Friday, October 26, 2012

'Likud-Yisrael Beytenu merger will make Israel stronger'

From Israel Hayom, 26 Oct 2012, by Mati Tuchfeld and Shlomo Cesana:

Netanyahu and Lieberman announce joint list for their parties and trigger a political earthquake that could solidify the right's dominance and diminish strength of ultra-Orthodox parties
PM: Now is the time to project strength in the face of threats.
Prime Minister Benjamin Netanyahu and Foreign Minister Avigdor Lieberman took the political world by surprise on Thursday when they announced their parties, Likud and Yisrael Beytenu, would run on a joint list in the upcoming elections on Jan. 22.The move comes as a political earthquake, which some call the Right's Big Bang, that could reshape the race. Analysts believe the joint run is designed to cement the right's hold on the premiership and will likely make it easier for Netanyahu to forge a 61-member coalition. If polls are accurate, the joint list could potentially increase the parties' Knesset representation. Currently Likud has 27 seats and Lieberman's Yisrael Beytenu has 15. Lieberman's Knesset candidates will be afforded slots on the Likud list in a way that reflects the party's current size.
Netanyahu will still head the Likud list, but Lieberman would be guaranteed the number two slot. He would also become the most senior minister in Netanyahu's government if the latter is elected to a third term in January. The agreement does not, however, make Lieberman the first in the line of succession in the event the prime minister is incapacitated. Lieberman has already indicated he wants to continue serving as foreign minister.
..."By joining forces we will have the necessary strength to defend Israel from the national security threats it faces overseas and the power to introduce economic and social reforms at home," Netanyahu said.
...Netanyahu went on to list the challenges the new government was likely to face: "Now is the time to project strength vis-a-vis our enemies, and show unity at home."
"I prefer a strong coalition that relies on one big, united party that is based on true partnership," the prime minister said.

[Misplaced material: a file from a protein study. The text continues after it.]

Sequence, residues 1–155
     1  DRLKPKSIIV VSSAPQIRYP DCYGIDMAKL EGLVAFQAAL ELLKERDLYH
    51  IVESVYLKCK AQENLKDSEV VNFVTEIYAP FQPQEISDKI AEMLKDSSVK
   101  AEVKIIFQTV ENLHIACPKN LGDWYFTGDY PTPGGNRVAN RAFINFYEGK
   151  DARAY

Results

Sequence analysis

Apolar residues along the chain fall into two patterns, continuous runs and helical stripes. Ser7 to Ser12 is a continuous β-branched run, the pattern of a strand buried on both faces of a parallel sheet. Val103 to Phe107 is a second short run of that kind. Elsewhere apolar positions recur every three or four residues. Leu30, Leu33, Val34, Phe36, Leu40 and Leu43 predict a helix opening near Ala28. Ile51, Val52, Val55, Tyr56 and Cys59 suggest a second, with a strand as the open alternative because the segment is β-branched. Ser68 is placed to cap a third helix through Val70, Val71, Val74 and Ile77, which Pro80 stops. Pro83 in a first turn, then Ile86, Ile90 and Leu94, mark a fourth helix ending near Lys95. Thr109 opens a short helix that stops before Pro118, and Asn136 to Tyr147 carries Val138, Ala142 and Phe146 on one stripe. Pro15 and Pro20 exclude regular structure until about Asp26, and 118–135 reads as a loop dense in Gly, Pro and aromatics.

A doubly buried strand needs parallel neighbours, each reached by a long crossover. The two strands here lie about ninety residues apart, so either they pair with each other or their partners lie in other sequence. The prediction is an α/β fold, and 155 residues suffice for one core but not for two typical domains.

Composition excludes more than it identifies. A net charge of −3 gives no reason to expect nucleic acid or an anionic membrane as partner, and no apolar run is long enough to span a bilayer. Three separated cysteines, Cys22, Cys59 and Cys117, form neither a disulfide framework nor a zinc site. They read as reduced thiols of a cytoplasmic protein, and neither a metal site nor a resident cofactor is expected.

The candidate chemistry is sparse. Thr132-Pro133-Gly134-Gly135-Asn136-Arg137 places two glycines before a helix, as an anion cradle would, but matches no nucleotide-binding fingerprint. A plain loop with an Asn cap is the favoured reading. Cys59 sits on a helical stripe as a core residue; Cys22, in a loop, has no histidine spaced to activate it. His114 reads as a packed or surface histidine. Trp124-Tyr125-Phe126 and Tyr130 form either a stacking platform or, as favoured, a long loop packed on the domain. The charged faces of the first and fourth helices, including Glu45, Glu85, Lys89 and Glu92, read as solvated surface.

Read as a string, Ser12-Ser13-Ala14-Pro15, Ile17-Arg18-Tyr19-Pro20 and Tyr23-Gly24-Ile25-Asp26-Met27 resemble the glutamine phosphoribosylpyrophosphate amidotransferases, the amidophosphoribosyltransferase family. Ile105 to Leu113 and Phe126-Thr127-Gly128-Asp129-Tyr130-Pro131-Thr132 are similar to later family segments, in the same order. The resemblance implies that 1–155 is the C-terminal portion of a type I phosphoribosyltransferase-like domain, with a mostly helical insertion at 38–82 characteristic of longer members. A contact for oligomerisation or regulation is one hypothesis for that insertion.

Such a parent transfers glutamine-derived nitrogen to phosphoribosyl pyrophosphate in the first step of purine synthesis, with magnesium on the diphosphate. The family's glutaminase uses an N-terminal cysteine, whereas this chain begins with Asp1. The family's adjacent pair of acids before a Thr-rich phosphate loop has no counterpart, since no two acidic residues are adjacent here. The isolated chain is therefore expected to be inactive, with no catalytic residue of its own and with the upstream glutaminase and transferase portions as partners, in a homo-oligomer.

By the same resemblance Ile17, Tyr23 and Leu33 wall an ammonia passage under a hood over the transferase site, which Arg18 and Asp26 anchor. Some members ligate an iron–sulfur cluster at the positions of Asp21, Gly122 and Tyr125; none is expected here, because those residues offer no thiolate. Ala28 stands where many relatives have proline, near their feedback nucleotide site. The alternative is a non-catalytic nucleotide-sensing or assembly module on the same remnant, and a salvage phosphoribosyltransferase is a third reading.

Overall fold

..."In light of the challenges we face, we need national responsibility," the foreign minister said. "It is time to do away with the leftovers of the trendy, flash-in-the-pan parties that become obsolete after a single Knesset term."
Likud and Yisrael Beytenu both categorically denied a Channel 2 report on Thursday that Netanyahu and Lieberman both plan to serve as the prime minister on a rotating basis, where Netanyahu would hand over power to Lieberman a few years into his third term in office.
"Channel two did not ask us to comment on this, but they went ahead with this false claim," a Likud official said on Thursday. "This claim is baseless." Yisrael Beytenu issued a similar statement as well.
...Running on a joint ticket could greatly diminish the strength of the ultra-Orthodox parties and would likely make it impossible for a similar left-wing alliance to unseat Netanyahu by winning more Knesset seats. Likud officials believe the merger may ultimately serve as a springboard for Lieberman if he chooses to run for the Likud leadership and become the head of the right-wing bloc.
Under the agreement, Lieberman's party would receive slots 2, 5, 8, 11, 14, 17 and 20 on the Likud list as well as additional slots further down. Despite having entertained the notion of canceling the Likud primaries in favor of an organizing committee that would handpick candidates, the party will go ahead with the internal mechanism as planned...

...and from JPost, 27 Oct 2012: